Rickey Henderson, Jim Rice, Mark McGwire; 49ers stadium, Spanish Radio
by Glenn Dickey
Jan 14, 2009

RICKEY HENDERSON was an easy call for the baseball Hall of Fame, except for those idiots who think nobody should get in the first year. Jim Rice was a much tougher call, which is one reason it took him 15 years to make it. Another reason is that he had his problems with the Boston media, and that group has always been willing to put personal feelings ahead of professionalism.

Different voters have different ideas about what constitutes a Hall of Fame player. At one time, there was a prevailing theory that a player didn't belong if he were not the outstanding player at his position. How then, would you distinguish between Lou Gehrig, Jimmie Foxx and Hank Greenberg when they were all playing first base at the same time for American League teams?

Statistics are important, and they’ll certainly get Alex Rodriguez in when he’s eligible. Year after year, Rodriguez puts up great numbers, but ask yourself this: If you had a game you just had to win, would you rather have Manny Ramirez, David Ortiz or Rodriguez at bat? There may be some argument over which of the first two you’d prefer, but Rodriguez wouldn’t be in the discussion.

More than statistics, the attitude of a candidate’s opponents is important. When I talked to pitchers during Rice’s career, his name always came up as one of the most feared hitters –and often as the most feared one. That’s why I’ve always voted for Rice. The fact that he didn’t quite reach 400 career home runs, which once was thought of as a real benchmark, didn’t knock him out, in my opinion.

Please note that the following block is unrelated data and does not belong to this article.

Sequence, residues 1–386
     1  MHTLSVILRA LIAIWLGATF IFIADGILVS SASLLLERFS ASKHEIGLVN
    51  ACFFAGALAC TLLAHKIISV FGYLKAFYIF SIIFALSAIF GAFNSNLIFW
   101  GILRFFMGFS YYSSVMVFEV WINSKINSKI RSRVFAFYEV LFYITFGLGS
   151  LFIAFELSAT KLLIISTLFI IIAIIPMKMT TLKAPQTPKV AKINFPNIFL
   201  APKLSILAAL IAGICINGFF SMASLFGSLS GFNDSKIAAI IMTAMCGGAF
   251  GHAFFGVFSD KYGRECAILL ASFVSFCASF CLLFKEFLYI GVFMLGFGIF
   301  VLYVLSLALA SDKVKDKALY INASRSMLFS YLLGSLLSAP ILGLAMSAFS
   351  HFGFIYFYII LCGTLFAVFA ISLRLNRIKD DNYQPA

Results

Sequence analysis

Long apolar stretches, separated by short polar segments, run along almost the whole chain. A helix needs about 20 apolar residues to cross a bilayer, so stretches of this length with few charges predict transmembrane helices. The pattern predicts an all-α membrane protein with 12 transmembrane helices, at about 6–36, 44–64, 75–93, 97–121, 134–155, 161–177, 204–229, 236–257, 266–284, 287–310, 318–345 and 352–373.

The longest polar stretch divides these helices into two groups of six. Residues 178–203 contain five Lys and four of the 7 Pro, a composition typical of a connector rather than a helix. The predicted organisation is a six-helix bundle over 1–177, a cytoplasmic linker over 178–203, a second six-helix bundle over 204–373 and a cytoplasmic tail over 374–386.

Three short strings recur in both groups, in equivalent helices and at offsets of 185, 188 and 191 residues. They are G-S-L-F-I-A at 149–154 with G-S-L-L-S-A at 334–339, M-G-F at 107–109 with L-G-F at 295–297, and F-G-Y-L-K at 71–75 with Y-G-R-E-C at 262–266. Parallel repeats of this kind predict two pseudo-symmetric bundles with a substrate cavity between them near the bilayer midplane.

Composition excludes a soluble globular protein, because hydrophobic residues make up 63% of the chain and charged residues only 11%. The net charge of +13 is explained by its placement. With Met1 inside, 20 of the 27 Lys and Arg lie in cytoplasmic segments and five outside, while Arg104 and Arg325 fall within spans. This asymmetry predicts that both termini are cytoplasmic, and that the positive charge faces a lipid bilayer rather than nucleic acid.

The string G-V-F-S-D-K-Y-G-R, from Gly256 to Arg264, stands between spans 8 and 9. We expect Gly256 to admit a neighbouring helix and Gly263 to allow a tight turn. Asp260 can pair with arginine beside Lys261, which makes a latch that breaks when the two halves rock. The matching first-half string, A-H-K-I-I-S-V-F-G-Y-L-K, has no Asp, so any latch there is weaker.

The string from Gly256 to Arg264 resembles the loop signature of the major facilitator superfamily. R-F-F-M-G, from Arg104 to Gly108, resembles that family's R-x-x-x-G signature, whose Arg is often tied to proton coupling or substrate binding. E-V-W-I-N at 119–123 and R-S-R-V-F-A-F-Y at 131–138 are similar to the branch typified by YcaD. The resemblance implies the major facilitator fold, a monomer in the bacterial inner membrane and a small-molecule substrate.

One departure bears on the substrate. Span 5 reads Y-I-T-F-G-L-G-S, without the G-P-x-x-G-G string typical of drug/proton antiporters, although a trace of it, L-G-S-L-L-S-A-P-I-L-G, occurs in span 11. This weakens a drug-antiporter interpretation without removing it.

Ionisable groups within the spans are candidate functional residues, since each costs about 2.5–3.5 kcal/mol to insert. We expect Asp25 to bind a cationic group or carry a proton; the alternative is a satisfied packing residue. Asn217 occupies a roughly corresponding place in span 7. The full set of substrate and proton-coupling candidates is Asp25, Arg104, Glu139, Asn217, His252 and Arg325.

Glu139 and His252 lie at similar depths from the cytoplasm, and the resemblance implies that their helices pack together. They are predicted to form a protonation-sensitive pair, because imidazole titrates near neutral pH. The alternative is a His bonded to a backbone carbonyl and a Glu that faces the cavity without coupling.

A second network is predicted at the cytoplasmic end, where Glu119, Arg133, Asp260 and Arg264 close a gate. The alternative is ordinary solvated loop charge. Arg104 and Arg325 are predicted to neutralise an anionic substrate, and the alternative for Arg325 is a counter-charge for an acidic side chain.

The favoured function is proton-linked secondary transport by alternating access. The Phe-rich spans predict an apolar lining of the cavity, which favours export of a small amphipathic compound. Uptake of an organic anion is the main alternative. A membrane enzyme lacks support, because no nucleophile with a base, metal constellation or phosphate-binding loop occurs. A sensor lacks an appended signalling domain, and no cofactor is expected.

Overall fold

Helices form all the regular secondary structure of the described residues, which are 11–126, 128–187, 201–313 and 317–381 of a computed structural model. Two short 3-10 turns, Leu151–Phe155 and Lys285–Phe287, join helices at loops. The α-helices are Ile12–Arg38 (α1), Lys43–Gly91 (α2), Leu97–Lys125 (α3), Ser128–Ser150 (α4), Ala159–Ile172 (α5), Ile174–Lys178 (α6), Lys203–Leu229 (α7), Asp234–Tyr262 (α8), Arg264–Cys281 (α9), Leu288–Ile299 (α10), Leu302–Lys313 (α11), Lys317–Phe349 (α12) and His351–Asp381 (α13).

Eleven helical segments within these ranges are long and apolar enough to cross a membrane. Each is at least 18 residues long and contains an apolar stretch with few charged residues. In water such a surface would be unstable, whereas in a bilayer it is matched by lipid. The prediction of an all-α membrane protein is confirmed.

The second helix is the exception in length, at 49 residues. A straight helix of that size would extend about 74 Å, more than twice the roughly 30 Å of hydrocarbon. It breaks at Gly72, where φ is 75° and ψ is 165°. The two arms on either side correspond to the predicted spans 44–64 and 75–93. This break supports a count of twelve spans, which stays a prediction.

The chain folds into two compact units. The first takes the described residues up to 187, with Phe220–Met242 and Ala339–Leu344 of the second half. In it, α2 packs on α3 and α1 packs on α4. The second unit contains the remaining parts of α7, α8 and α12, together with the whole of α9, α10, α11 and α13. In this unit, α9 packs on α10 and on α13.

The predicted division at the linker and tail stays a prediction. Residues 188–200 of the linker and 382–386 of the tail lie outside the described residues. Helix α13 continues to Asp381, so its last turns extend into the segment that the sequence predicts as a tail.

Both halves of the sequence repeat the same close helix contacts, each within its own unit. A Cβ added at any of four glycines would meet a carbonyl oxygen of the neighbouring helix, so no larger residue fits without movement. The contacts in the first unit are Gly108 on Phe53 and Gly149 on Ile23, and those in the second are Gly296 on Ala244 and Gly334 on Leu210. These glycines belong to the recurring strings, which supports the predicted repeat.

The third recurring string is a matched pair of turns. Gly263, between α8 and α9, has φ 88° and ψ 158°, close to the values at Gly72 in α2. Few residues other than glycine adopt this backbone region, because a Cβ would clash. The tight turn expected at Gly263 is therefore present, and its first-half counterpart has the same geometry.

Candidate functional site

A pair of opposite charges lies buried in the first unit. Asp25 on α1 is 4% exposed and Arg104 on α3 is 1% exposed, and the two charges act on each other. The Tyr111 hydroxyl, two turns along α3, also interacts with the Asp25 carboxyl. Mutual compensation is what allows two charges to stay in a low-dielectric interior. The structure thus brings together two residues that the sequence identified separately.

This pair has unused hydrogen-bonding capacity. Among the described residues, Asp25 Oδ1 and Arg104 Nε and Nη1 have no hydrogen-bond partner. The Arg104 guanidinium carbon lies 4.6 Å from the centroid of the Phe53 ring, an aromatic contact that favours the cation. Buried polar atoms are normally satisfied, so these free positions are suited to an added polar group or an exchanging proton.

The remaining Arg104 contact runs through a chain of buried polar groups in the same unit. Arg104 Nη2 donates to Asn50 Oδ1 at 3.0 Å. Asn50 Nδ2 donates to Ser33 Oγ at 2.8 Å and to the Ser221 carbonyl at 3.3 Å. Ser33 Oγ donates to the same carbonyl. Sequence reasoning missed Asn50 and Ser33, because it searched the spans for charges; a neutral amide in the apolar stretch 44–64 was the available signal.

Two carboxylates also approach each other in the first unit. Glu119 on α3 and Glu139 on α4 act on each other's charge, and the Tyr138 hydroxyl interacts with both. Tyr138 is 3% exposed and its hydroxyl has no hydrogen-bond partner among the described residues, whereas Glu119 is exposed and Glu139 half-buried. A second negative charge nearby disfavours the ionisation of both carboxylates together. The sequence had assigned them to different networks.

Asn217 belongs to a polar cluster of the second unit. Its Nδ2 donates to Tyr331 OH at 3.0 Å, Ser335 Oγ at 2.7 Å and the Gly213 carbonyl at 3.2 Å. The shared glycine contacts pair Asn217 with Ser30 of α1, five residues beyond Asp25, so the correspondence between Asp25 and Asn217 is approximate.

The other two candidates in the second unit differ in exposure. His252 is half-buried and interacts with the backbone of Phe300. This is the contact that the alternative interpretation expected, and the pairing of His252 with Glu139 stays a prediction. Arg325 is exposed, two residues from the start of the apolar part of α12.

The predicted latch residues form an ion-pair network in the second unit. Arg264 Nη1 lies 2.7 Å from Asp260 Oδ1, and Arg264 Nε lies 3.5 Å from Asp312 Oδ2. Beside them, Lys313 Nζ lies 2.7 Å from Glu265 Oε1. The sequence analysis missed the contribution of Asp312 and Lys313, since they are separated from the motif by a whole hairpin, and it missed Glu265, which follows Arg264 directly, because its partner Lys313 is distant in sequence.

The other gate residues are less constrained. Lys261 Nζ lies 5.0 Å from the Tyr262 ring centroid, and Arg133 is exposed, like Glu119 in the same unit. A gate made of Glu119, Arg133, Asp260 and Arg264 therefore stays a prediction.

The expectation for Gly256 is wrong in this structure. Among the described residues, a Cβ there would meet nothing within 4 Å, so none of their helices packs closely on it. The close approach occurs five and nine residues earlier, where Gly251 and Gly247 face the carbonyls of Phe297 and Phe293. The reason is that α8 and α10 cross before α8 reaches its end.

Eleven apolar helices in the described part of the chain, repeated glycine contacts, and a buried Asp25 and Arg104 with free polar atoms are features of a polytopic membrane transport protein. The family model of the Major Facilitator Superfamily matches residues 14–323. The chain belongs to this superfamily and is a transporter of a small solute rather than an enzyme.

Conversely, there are players who are outstanding for a relatively short time but don’t sustain it for a career. Roger Maris is probably the best example. He broke Babe Ruth’s season home run record in 1961 but never hit as many as 40 homers in a season before or after that one. Maris was a good player, an underrated defensive outfielder as well as a power hitter, but he had far short of an HOF career.

That’s also the reason I haven’t voted for Mark McGwire in his three seasons on the ballot. McGwire had some sensational power years, hitting 49 homers to set a rookie record and, of course, 70 and 65 homers in back-to-back years with St. Louis at the end of his career.

But in between, because of injuries and the pitchers catching up to him for awhile, McGwire had some terrible years with the A’s. In 1991, Tony La Russa kept him out of the final game of the season so he wouldn’t finish below .200. In ’93 and ’94, he hit a combined 18 homers.